“So, Renee,” my co-worker Natefo said. “Do you want to go to a taping of My Star?”
“Sure! … What’s My Star?”
Thus began my Friday.
It is American Idol, Botswana-style. A bunch of us met after work, and this was how I learned about public transit in Botswana. People get around mostly using combis, which are van-type mini-buses where you get to play SQUISH! with 12 of your soon-to-be close friends. Every time somebody from the back wants out, the people sitting in the fold-down isle seats pile out, and then pile back in. I have an idea for some sort of a game that involves taking a drink every time the people behind you want to leave, but it would shortly lead to a breakdown in the “getting out quickly and getting back on” system.
Combis have a sort-of-regular route, although they’ll take detours or shortcuts and they don’t run on any sort of schedule. Technically they are taxis, as far as the government is concered (taxis have blue license plates; cars yellow), but far cheaper: 3 pula ($0.35) for a one-way trip, compared to 30 pula ($4) for a cab.
This was a two-combi trip, and I never would have made it if it wasn’t for Natefo. We took the first combi to the station, simply called Station (cue Bill and Ted reference), which was swarming with combis, taxis, cars, and people. In the dusk we wended our way through an enormous mass of bodies and booths selling sunglasses, home-made candy, fruit, and cell-phones. Up over one of the biggest overhead pedestrian walkways I’ve ever seen, and down into “Riverwalk Mall” — this is pretty much like every mall in North America, except more open to the weather, dustier, and more worn-down and crowded — a description that applies to almost everything here. That, and I didn’t recognize any of the stores…
By this time it was dark, and as the mall was emptying (everything closes early, and dawn/dusk happens at 6 — equatorial!), the combi-lot beside the mall was filling up. In and out: this combi will take us there! No, no, he just said that to get passengers… clambour out. Next one? Yes! This is it! Pile in! No, it’s full! Over here! — there’s nothing like the UBC bus loop, with names and signs and some recognizable order. No queueing. The combis have a route in stick-on numbers on their front, but you can only count on that being true some of the time. Not a busy Friday night: chaos! But Natefo got us into the right bus (phew), and we arrived along with the rest of Gaborone at the studio only a little late.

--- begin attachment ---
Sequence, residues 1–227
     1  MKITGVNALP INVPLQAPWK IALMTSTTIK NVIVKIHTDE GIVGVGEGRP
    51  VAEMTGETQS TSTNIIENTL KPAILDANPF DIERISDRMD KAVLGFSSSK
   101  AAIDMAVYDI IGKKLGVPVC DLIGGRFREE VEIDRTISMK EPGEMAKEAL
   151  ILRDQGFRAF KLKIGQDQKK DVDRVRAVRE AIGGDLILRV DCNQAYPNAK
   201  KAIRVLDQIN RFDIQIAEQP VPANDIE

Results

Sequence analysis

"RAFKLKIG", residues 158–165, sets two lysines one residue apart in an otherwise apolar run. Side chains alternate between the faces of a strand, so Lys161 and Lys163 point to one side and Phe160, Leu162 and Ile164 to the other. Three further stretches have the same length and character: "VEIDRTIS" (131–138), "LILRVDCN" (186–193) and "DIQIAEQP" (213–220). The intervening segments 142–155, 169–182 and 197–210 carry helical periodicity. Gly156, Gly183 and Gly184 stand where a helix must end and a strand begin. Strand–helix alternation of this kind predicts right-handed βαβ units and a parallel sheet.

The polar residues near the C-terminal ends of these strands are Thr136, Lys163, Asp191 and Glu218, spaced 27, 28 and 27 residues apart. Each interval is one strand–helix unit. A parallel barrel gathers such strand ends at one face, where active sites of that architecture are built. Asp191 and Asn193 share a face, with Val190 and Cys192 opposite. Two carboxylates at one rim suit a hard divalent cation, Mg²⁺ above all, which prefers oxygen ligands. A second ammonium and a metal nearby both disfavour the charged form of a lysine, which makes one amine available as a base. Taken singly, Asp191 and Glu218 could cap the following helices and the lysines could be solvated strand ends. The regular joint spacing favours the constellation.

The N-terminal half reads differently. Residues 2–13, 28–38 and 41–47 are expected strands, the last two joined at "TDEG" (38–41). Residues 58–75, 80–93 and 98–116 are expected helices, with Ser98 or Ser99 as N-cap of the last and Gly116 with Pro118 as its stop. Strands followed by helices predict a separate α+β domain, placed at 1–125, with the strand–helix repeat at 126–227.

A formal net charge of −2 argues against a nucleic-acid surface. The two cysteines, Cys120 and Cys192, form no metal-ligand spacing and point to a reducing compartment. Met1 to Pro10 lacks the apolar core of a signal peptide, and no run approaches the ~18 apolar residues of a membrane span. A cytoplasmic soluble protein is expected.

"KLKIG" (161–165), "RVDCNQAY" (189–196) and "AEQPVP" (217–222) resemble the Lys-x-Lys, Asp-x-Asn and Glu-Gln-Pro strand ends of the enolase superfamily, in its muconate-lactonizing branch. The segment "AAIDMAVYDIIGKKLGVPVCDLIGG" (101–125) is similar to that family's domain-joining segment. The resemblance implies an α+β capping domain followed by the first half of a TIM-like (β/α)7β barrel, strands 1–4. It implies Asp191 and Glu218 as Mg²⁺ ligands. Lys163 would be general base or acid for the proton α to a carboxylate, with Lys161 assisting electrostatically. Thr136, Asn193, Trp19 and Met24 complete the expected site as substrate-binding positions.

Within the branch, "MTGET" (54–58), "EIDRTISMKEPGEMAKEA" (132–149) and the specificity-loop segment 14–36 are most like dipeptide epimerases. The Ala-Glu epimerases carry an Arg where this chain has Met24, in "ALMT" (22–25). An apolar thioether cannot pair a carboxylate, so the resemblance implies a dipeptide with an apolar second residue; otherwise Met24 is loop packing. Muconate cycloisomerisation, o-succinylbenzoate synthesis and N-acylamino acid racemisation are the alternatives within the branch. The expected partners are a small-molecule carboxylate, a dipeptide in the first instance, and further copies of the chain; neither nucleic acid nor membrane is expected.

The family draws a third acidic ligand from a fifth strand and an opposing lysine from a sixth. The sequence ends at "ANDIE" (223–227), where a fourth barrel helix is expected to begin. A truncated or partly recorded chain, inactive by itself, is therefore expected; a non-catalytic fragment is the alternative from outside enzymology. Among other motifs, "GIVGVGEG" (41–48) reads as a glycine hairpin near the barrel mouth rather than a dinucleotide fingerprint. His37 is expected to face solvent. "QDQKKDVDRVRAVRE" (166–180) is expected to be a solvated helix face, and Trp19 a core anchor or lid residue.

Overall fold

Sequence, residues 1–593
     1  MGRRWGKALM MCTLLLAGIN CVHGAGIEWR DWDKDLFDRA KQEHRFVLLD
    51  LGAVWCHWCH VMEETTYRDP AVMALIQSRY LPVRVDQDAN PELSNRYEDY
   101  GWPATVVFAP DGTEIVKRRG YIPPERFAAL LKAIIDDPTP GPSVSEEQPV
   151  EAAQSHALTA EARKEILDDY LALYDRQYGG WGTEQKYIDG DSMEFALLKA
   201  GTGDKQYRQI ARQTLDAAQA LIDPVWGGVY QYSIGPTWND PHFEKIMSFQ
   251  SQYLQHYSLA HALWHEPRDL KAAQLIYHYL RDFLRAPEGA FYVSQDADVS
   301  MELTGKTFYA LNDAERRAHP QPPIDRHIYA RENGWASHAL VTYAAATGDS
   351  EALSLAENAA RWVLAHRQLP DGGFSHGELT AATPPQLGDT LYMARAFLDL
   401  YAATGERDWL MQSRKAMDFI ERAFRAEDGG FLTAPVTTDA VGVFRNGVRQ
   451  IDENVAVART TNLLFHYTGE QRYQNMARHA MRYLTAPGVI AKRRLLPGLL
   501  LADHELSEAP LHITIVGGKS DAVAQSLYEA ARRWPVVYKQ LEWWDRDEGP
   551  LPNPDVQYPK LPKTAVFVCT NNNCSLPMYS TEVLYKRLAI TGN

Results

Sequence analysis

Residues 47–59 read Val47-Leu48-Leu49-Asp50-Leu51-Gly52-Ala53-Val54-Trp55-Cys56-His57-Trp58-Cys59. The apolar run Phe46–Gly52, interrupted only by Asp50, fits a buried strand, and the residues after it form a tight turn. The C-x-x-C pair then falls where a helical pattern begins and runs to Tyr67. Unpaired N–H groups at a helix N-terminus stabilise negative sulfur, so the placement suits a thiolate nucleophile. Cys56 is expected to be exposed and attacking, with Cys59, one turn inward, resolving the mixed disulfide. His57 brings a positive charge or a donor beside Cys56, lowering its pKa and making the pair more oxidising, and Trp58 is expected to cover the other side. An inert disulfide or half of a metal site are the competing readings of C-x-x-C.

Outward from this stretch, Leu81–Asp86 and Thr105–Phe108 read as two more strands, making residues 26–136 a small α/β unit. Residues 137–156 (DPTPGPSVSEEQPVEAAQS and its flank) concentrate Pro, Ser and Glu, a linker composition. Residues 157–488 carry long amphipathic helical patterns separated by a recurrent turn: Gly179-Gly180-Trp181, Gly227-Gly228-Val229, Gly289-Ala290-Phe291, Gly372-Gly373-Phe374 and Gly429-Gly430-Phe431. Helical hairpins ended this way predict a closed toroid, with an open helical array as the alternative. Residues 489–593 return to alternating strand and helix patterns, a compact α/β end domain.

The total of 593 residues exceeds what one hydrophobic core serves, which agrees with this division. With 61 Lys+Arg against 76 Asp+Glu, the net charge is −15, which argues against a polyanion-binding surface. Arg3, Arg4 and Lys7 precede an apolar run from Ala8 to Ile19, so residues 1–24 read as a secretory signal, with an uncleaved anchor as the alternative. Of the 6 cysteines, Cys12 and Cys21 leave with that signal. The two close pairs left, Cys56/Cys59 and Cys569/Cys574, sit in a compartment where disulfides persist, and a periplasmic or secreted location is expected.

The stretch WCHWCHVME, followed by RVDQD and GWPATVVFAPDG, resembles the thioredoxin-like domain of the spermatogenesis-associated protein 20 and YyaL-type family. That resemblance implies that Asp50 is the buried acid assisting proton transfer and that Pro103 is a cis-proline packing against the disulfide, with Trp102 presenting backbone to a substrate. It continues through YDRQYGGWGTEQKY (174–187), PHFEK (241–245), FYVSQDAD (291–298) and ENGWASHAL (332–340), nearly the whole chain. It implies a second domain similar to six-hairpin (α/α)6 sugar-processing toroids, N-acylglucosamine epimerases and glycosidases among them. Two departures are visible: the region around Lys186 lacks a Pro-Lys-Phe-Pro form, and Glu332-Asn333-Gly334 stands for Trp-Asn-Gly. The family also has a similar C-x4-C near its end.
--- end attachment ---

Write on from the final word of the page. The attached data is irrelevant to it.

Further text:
It was full.
“…Would you like to sit on the floor up front?”
So, 30 pula ($4) and we sat down on the floor right in front of the stage. Soon we were totally surrounded and squished in, and when the judges took their place an hour later (three famous Motswana: one a local DJ whose station plays only Setswana music, one an actress on the first Botswana soap, and one musician who owns a studio here) they walked right in front of us — well, they carefully picked their way through all of our legs and feet, anyway. The crowd went wild for DJ Sid, who had bleached-blonde hair and had painted every fingernail a different colour, maybe channelling a bit of his American Idol counterpart Steven Tyler.
The judges sat down at a collapsible table facing the stage, and the two hosts walked on, in matching dresses, lit only by two work-lights and a colour-changing light-box. The backdrop was a black cloth with holes poked in it with a strobe light shining through (you know, for stars). I was a bit skeptical as to how professional this would all look on the cameras (two cameras, one hand-held by a guy with arms of steel, the other planted amongst the audience), but what the heck…
The show was, of course, loads of fun. Lots of spirit, the judges hating everything (One sample: “Work harder. Work on your vocals!” “Crap!” “Not bad, I liked it.”) and the crowd loving everything, and holding up signs for their favourites. The contestants not only chose their own songs, but also their own costumes, and some of them were very inventive, finding cowboy hats and fascinators, and altering things they owned to look extra Rockstar.
By the end of the show my back was killing me, I was half-deaf, and the girl beside me appeared to have grown five extra knees, three of which were poking into my side, but that didn’t matter: we had a blast. When we got together later to watch the broadcast, it looked fancier on TV than it had in person – I was pretty impressed with what they’d managed to do with the low-budget setup. Editing is everything, as they say.
And, when I got to work on Monday, everybody said “I saw you in the audience on Botswana Star!” So it’s true what they say: anyone can be a star.
(UPDATE: A friend advised me that they have a Youtube channel showcasing the contestants! So awesome.)